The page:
Machine Learning is quite a buzzword these days and we have witnessed how quickly Microsoft and other vendors have made progress in this area. Just couple of years back Microsoft had no product or tool in this space and today they have closer to a dozen. Recently Microsoft has integrated Machine Learning into SQL Server and Dynamics CRM, it is slowly becoming core to its product line.
I would not be surprised if machine learning becomes a mandatory skill for most of the development jobs in the next decade.
How Image Recognition can help CRM?
Attaching documents is a common feature asked for in many CRM projects where customers can complete an application form and then upload scanned copies to support their application. Think of invoices, receipts, certificates, licenses, etc. As of now there is no way that Dynamics CRM can detect if the scan that a customer is uploading is a picture of a license, or beach or a car.
What if Dynamics CRM can detect and recognise the scanned image and tell the user that it is expecting a license not a Dilbert on the beach.
Source: Ol.v!er [H2vPk] – Flickr
Wouldn’t it be great?
Although there are some Image engines that can tell you what an uploaded picture contains but there isn’t any engine or tool (as per my knowledge) that can tell whether an upload document is a license or not. This is because there are only subtle differences between scanned copies of various documents.
In this blog series I will build and demonstrate an approach to have this kind of image recognition capability with our favourite Dynamics CRM and we will use a branch of machine learning called Deep Learning that is very good at tasks related to Computer Vision. I would not be delving into the concepts of Deep Learning (there are numerous posts and videos on the internet) but will try to cover the major building block in this whirlwind tour.
Australian Identity Documents
I will take a real business case which is ubiquitous in many online applications in Australia where a customer is asked to provide a scan of their Australian ID as a proof. For our blog we will use the following Australian IDs
|1) Victoria Driver’s License||
|2) Australian Visa||
|3) Medicare card||
Note: Because of their sensitive nature I would only be exposing sample documents in this blog
The expectation is that the system can tell if the user is attaching a scanned copy of their Australian Visa when the record type is Australian Visa. So we will validate the image based on its content.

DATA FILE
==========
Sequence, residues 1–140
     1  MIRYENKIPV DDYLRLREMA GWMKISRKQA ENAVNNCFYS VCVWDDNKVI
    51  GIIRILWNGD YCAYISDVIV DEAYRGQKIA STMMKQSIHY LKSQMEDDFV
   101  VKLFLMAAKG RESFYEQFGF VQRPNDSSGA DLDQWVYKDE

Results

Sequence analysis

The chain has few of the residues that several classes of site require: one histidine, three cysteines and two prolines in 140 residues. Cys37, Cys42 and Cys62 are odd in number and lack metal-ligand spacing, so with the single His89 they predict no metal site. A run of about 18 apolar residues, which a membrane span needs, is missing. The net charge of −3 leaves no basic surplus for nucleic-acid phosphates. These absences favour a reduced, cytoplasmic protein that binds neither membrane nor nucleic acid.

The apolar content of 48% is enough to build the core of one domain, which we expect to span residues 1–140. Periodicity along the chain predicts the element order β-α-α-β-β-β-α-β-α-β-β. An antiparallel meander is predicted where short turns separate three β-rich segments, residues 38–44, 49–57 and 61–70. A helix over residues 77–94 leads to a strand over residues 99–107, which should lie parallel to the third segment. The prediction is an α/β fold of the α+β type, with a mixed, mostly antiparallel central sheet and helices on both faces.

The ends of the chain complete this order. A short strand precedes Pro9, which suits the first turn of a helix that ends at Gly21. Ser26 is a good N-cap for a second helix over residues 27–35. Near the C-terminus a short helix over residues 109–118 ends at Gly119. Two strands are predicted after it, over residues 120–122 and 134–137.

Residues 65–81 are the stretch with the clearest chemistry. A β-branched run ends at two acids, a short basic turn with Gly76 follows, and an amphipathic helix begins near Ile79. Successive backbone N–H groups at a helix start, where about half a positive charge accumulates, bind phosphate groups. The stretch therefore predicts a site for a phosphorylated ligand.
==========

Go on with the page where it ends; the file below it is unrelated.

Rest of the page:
Good thing about deep learning based systems is that the detection algorithms do not rely on exact colour, resolution and placement but rather on pattern and feature matching. I got pretty good results when I built this system which I will share in later posts.
Deep Learning based systems use a concept of neural networks to train themselves and to perform their tasks. There are many kinds of neural networks and the one that does the job for us is the Convolutional Neural Network. CNNs are good at image related tasks.
In order to train a CNN from scratch you need lot of hardware and computing power and I do not have that. So I will be using a partially trained network and customise it for our specific task i.e. to identify the images of those 3 types of Australian IDs.
Let us cover the building blocks of our solution
TensorFlow is an open source framework for Deep Learning and we will be using it to train our engine.
TensorFlow comes in many platforms but we will use its Python version.
Once our model is trained we will deploy it online as web service and CRM can query that. I would not be posting the integration code here as I have already posted code to integrate Dynamics CRM with Machine Learning web services in my other blog
Let us start by training an image recognition model that can classify an image e.g. a scanned copy and tell if it is an Australian ID e.g. driving license or visa scan, etc.
We will use an approach called Transfer Learning. In this approach you take an existing Convolutional Neural Network and retrain its last few layers. Think of it this way that you have already got a network that can detect differences of aeroplane from a dog but you need to retrain it to pick more subtle differences i.e. the difference between a scanned invoice and a scanned passport.